t Mistick which was launched this day and called The Blessing of the Bay. We do not deny but that there was a tradition current relative to early ship building on the north side of the river. In fact, we think there may have been, and that Mr. Brooks, who wrote as above in 1855, at the age of sixty, had it from his forbears, who were men of mature age, when Thatcher Magoun established his shipyard on the north side of the Mistick, and when later other ship-builders found the remains of old ways and timbers farther down beside the river. So Mr. Brooks transfers Winthrop's ship-building from Charlestown to Medford, by saying, the record concerning it is as follows, and quotes: July 4, 1631. The governor's bark, etc., etc. Now as we look at it, the governor's bark (the Blessing) was built just where the governor wrote that it was, at Mistick, the Ten Hills Farm in Charlestown (present Somerville), and not in Medford at all. Neither had Governor Winthrop any possessions whatever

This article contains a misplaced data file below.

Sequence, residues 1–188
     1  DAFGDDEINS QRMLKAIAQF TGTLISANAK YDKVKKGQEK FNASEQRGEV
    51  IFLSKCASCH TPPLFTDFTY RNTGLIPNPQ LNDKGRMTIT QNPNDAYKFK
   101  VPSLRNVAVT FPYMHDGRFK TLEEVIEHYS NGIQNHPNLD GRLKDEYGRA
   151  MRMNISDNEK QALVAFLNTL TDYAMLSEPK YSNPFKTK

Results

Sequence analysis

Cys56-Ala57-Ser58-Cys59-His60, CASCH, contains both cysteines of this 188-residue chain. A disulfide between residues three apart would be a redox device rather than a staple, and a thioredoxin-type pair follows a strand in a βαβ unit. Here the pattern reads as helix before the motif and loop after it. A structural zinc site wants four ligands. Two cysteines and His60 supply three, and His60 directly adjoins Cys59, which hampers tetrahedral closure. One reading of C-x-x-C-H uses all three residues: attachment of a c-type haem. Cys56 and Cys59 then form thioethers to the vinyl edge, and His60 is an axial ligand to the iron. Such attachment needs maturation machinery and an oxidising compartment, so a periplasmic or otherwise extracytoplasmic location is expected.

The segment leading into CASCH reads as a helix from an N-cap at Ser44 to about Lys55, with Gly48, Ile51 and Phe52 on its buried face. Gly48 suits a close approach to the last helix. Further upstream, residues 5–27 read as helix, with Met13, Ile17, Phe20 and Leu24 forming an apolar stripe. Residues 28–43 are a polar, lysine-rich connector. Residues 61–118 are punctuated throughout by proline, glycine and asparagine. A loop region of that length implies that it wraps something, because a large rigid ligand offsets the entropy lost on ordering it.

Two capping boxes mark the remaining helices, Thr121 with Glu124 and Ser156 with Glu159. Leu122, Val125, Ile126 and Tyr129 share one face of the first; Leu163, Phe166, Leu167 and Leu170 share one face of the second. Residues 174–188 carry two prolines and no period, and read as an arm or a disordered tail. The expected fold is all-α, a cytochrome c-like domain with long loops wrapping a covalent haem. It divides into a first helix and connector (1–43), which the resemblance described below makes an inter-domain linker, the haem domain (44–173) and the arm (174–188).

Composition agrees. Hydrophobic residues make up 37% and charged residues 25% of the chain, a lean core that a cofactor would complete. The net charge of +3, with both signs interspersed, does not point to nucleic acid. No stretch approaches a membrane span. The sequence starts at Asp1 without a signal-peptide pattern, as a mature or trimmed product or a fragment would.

ions asked in the article, and perhaps to criticize some of the statements and conclusions of the author. I agree with Mr. Brooks that in all probability the Wade mill was the first erected within Medford limits. The senior Mr. Wade purchased land Cutter owned the other part of the acre and three-fourths of marsh land that Joseph Prout sold to Jonathan Dunster. Mr. Brooks says, in writing of a mill a short distance below Wear bridge, the place is yet occupied. If we are to be guided by Mothere was not any building there in 1822, but the conveyance of mill rights shows that a mill stood there at one time. Mr. Brooks' statement that the place is yet occupied probably had reference to the remains recently discovered. In regard to thhave been on Main street where the author of the article assumes it to be, unless it was as far away from Moore square as Brooks park, and then he would have been obliged to ignore the Middlesex canal, Branch canal and locks, also the Turnpike with t